By James Thompson

There have been many attempts to define fascism in an effort to understand it. Some maintain that fascism is the capitalists’ last option. Others ask, “What is fascism but the death throes of capitalism?”

Fascism has also been described as “the open terrorist dictatorship of the most reactionary, most chauvinistic and most imperialist elements of finance capital.” According to Georgi Dmitrov in a collection of his reports in 1935 and 1936 Against Fascism and War, fascism is “the power of finance capital itself. It is the organization of terrorist vengeance against the working class and the revolutionary section of the peasantry and intelligentsia. In foreign policy, fascism is jingoism in its most brutal form, fomenting bestial hatred of other nations.”

He points out that German fascism, i.e. Nazism or National Socialism, has been the most reactionary form of fascism. He explains, “It has the effrontery to call itself National Socialism, though it has nothing in common with socialism. German fascism is not only bourgeois nationalism, it is fiendish chauvinism. It is a government system of political gangsterism, a system of provocation and torture practiced upon the working class and the revolutionary elements of the peasantry, the petty bourgeoisie and the intelligentsia. It is medieval barbarity and bestiality, it is unbridled aggression in relation to other nations.”

Fascism has manifested itself in many other nations, including most notably, Italy, where Mussolini declared that fascism should be more appropriately called “corporatism” since it represents the merger of the state and corporations. It also appeared in Spain under Franco and other countries. It is important to remember that fascism can be thought of as a logical extension of capitalism. It is one of the forms of rule that can take place under capitalism. It is not an economic system in and of itself. Fascism is a form of government intended to protect the interests of the capitalists through violence and oppression.

The capitalist press has been very effective in blurring the distinction between fascism and communism. Many people in the U.S.A. equate and confuse the terms. The main difference is that fascism is a form of government which safeguards and promotes the interests of the capitalists, whereas communism safeguards and promotes the interests of working people. Fascism is anti-democratic and only allows the political will of the capitalists to be expressed, whereas communism is pro-democratic and only allows the political will of the working people to be expressed.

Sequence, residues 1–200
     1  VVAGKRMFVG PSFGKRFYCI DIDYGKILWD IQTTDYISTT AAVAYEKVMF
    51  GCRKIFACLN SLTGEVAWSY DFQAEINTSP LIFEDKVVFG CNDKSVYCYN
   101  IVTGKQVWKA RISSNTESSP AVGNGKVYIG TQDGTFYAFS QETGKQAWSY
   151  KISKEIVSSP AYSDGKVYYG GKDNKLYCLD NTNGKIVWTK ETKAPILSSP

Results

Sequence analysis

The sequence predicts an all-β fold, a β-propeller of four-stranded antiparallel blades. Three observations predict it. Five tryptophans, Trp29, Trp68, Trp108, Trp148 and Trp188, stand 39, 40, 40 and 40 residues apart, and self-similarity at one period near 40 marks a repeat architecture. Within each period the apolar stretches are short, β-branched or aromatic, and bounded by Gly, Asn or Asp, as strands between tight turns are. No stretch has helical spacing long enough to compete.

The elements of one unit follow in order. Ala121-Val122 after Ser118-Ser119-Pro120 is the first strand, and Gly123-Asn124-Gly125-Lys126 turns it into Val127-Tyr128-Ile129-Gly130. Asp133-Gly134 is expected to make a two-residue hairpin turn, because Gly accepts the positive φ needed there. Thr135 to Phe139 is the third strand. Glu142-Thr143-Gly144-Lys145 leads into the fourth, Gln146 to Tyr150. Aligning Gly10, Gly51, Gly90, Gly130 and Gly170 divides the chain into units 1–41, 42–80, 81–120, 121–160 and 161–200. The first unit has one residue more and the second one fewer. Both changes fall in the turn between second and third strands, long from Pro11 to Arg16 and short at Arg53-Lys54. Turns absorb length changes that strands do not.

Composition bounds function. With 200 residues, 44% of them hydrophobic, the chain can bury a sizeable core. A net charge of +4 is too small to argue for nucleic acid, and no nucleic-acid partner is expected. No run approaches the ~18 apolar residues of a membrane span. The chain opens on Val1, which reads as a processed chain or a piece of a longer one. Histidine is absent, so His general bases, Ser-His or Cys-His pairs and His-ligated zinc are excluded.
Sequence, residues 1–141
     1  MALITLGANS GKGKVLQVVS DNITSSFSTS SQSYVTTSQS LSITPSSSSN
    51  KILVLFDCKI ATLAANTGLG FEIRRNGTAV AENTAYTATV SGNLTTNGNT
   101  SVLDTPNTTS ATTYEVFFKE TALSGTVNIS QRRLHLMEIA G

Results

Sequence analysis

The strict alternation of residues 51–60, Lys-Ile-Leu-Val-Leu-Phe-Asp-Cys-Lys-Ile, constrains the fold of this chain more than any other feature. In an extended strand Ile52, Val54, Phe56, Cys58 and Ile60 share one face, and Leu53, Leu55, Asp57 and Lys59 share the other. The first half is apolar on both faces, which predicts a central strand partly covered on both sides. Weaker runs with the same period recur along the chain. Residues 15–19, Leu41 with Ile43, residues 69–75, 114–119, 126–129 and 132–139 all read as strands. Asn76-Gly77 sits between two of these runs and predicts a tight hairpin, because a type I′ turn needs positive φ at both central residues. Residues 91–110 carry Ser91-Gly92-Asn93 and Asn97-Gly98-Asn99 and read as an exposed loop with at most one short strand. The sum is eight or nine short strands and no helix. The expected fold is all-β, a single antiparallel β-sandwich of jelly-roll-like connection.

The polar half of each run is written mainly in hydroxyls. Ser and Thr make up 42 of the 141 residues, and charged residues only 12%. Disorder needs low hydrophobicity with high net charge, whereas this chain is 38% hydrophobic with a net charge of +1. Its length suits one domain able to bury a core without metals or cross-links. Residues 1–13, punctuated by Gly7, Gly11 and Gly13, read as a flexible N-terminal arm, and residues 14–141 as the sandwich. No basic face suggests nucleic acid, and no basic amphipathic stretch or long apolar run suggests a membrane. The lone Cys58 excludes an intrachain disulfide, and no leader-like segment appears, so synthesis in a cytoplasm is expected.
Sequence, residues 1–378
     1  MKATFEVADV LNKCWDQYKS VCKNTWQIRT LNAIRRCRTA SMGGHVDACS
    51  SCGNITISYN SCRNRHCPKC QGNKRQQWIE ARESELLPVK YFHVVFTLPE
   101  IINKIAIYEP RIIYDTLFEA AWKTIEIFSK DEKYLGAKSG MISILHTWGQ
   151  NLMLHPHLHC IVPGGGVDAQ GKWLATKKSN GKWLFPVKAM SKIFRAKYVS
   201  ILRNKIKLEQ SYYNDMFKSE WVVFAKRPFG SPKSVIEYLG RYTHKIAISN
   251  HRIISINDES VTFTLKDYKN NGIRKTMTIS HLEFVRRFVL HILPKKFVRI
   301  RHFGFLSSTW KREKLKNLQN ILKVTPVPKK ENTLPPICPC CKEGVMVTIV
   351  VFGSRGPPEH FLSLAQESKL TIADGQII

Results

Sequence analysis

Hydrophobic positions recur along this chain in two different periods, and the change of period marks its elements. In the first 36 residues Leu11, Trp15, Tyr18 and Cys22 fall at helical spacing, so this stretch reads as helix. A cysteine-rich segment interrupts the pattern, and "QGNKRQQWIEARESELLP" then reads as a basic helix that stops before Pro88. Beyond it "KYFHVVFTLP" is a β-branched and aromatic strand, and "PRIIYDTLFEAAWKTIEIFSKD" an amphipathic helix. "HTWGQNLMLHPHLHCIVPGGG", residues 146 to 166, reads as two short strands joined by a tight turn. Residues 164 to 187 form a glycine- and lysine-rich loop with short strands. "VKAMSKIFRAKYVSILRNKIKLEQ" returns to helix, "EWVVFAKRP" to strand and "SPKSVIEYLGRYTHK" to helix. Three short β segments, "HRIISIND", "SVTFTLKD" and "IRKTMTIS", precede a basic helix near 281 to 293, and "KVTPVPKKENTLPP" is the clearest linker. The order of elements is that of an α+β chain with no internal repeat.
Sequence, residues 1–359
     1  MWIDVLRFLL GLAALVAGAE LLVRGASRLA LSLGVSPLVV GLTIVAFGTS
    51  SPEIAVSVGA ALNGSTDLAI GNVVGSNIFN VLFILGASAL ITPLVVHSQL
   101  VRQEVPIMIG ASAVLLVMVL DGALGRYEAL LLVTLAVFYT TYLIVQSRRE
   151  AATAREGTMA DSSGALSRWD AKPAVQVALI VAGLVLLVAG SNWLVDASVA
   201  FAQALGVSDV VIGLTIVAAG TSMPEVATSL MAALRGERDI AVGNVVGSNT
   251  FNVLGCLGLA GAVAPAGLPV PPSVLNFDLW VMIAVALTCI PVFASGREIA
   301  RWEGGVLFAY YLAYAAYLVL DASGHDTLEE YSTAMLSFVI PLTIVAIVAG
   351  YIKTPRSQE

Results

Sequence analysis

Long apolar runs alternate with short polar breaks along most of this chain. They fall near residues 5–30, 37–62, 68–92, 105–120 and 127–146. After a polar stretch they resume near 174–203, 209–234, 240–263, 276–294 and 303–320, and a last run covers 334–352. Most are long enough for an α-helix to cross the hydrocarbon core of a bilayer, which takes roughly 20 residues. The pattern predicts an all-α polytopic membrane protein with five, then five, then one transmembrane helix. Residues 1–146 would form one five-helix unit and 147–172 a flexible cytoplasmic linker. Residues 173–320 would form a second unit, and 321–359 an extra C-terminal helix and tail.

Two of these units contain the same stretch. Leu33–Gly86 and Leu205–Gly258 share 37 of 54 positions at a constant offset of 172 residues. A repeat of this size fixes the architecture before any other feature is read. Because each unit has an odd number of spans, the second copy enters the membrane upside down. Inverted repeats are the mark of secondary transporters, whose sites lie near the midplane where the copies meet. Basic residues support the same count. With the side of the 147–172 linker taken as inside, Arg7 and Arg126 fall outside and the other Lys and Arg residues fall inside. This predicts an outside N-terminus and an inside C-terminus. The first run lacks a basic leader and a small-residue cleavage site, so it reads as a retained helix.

There has been discussion among leftists in the U.S.A. as to whether the Bush administration was a fascist government. Many maintain that the policies of Bush and his cronies were fascist in nature. Others argue that the policies were different from those seen in fascist countries between the two World Wars. Norman Markowitz in his article “On Guard Against Fascism” published in Political Affairs (May, 2004) states “The domestic policy of fascism was to destroy the independent labor movement, all socialist and communist parties and all democratic movements of the people. The foreign policy of fascism was to completely militarize the society and organize the people to fight imperialist wars and accept and glorify such wars on nationalist and racist grounds…As both ideology and policy, fascism was the rabid response of a decaying capitalism threatened by the workers’ movement at home and anti-colonial movements abroad. The forms that fascism takes can change and be updated, but these are its essential characteristics.”

Gerald Horne, in his article “Threat Needs Study” in Political Affairs (July, 2004), calls for more study of the fascist movement in this country. He points out that there are organizations such as the Southern Poverty Law Center which track the activities of the extreme right. He also notes that the Center for Responsive Politics tracks political donations. He suggests that donations from certain sectors of finance capital could be tracked to political candidates and organizations.